As they listened, Fairhaven people realized that financial poverty wasn’t the only issue. More holistic solutions were needed. Historical race issues were uncovered. Government played a part. Educational discrepancies were to blame. Lack of employment or under-employment was a factor.

Fairhaven also began to realize that local and global ministry must be holistic. At the core is brokenness—first, broken relationships with God, then with others and within themselves. Fairhaven people began to see themselves as broken and just as much in need of God’s grace as the poorest of the poor. That part of the reframing process combats the savior complex and replaces it with an attitude of humility and a readiness to receive from the poor as well as to give.

One of the encouraging things Fairhaven discovered as they moved through the reframing process was that the Church of Jesus Christ is equipped to address all of the areas that relate to poverty. All around the world, the Church has tremendous people resources. And believers can use their social capital and leverage their relationships to establish strategic partnerships that can break down systemic barriers and obstacles that keep people locked into poverty.

...the Church of Jesus Christ is equipped to address all of the areas that relate to poverty.

Let local leaders shape the plan

One high-impact aspect of Fairhaven’s reframing process was that wherever they went, they began to focus on identifying and promoting local leaders. As they listened well, they were able to identify key leaders and make sure those people had a major voice at the table.

They found ways to encourage and support those leaders as they began to lead the way forward—whether it was in Quito where they partner with an Ecuadorian church that runs a medical clinic, or in Dayton where they helped bring together the leaders of various refugee groups to address needs.

One initiative was a train-to-sew collaborative. Sewing machines were donated. Someone with community connections used the trust he had built to encourage refugees to come and learn. Church people who could sew became instructors. Businesses and churches provided vans for transportation. Some of the early graduates have been hired by a local company making firefighter uniforms.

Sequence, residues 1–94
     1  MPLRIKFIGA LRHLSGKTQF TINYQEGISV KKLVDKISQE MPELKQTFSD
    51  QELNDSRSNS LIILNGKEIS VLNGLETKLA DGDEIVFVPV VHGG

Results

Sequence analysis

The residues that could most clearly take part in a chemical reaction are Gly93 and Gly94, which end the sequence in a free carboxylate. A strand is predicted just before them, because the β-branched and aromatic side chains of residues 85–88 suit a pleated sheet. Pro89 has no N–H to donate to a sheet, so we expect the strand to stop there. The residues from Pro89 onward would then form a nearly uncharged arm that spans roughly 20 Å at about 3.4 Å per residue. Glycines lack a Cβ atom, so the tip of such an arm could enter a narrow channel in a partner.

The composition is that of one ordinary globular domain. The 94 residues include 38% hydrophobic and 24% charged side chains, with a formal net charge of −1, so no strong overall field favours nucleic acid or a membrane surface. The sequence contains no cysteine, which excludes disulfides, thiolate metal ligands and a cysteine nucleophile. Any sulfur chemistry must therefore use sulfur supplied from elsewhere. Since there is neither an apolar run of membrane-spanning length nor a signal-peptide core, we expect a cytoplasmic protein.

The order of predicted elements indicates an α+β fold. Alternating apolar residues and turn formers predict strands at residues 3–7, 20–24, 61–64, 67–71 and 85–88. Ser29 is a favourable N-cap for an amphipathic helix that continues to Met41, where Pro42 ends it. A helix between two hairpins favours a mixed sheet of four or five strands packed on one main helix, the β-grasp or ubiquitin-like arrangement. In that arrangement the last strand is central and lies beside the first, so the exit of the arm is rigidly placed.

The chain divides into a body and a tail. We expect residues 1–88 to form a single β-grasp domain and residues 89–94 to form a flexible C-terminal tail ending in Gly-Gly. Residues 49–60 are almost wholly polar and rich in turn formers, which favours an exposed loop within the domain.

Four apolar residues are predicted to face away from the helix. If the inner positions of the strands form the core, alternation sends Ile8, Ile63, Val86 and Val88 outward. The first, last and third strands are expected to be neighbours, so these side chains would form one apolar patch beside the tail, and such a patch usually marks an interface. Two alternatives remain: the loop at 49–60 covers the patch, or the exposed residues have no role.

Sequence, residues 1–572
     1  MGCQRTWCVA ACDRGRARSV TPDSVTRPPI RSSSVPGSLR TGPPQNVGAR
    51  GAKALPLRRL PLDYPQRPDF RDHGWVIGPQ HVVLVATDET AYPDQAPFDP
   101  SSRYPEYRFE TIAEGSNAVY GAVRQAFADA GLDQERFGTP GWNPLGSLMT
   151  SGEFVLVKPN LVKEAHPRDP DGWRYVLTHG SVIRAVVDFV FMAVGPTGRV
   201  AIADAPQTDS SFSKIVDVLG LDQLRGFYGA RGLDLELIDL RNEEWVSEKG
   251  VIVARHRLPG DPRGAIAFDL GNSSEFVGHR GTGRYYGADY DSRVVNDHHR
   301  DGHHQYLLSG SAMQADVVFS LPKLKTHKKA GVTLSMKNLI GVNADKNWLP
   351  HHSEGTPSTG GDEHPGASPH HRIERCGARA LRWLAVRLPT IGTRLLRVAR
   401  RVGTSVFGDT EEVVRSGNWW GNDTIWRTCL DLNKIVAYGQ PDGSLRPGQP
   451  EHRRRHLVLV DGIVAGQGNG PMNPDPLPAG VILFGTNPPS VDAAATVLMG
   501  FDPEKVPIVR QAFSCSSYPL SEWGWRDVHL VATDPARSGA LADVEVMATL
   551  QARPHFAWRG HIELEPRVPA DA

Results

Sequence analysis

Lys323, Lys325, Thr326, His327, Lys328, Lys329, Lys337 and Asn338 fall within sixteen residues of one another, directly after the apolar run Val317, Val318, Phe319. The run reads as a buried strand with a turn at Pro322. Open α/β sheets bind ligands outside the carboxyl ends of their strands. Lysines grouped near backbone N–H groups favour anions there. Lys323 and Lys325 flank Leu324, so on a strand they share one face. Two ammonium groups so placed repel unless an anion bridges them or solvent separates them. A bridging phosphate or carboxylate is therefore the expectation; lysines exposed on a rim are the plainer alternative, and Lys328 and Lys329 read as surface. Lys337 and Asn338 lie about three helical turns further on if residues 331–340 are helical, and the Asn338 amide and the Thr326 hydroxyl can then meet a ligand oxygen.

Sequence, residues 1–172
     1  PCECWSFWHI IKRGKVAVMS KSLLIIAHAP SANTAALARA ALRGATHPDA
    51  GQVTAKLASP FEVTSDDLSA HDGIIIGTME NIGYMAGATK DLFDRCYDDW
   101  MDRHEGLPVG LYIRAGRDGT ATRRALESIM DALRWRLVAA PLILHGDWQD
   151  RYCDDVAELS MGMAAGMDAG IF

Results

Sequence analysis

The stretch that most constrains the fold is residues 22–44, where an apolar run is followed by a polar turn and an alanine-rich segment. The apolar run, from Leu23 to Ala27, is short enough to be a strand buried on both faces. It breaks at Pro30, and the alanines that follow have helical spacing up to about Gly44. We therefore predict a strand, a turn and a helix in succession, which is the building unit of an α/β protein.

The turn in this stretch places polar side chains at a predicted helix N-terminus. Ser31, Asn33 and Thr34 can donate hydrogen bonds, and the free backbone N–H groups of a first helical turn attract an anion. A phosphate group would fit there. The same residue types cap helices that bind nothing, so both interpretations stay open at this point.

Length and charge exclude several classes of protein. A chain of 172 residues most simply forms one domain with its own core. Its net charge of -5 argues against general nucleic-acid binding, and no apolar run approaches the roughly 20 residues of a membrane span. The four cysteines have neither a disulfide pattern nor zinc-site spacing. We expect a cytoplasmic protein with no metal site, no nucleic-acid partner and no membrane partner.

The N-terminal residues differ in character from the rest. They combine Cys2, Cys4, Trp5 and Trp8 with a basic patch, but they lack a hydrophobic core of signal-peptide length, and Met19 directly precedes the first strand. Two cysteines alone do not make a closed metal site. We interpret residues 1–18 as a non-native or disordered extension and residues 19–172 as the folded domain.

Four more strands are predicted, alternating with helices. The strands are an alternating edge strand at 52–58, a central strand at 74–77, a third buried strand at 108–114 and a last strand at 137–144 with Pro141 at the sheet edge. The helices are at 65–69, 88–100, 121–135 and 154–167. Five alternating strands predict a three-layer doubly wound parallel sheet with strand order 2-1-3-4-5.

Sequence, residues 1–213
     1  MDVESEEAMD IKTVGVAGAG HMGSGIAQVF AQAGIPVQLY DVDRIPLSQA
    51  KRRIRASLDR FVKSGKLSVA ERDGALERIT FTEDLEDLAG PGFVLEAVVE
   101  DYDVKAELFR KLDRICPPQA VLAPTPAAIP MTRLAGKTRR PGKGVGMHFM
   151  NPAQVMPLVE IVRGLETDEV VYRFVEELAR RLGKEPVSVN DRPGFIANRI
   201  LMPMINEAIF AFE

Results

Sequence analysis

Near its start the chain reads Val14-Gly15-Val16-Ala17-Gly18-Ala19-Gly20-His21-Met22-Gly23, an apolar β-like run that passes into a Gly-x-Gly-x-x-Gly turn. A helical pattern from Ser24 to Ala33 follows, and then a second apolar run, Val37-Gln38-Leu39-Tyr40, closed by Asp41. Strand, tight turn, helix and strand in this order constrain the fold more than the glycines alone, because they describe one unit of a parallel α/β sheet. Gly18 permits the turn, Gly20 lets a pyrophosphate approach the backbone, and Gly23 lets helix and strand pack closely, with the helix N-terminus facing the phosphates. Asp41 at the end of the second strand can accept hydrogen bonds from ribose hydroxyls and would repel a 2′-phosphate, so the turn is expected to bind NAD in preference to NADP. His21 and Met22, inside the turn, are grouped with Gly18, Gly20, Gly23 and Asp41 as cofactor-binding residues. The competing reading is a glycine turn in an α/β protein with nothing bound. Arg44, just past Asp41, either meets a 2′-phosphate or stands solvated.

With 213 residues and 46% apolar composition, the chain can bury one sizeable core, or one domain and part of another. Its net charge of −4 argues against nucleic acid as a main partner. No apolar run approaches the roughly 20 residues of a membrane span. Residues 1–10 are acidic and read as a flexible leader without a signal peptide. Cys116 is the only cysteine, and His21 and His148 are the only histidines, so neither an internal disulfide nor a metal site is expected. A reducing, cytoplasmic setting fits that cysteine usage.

“The gospel has to be at the center,” Kirk emphasizes. “It’s essential to lead with good deeds which creates good will, which earns the right to share the good news of the life-changing gospel. One woman with no church background was involved for three years in one of our outreach programs. As her life improved, she accepted an invitation to attend an Alpha course and began following Christ.”

Hundreds of people are coming to faith at Fairhaven, and for a significant number of them, their contact with the gospel has come from members of the congregation living out transformed viewpoints. Reframed attitudes are allowing people to move outside their comfort zones.

Some of those high-impact relationships are on other continents. For example, Fairhaven’s reshaped Quito partnership has resulted in deep friendships between Christian physicians in Dayton and Ecuadorian doctors who are not-yet-believers in Quito. The impact of these relationships has been so profound, they even made national TV in Ecuador.

Adopt reframing as a process

Reframing attitudes about poverty and introducing healthy ways to respond is an ongoing process. Fairhaven is part of the Acts Communities, a larger effort to develop additional training for those willing to take the next step. Besides COPE, there are courses in trauma; mental health; and poverty, race, class, and culture. “Change takes time,” Kirk notes, “but life-on-life relational engagement has definitely changed Fairhaven’s DNA. The focus is now outward, and what we are practicing locally is also reshaping our global partnerships.”

TURKS AS NEIGHBORS

God brought 400 families of Ahiska Turks to Dayton. Displaced from Russia to Turkey in World War 2 and then facing pressure again in the 1990s, this people group was granted refugee status in the U.S. Eventually many landed in Dayton. In Old North Dayton they found a declining neighborhood where they could afford to buy houses.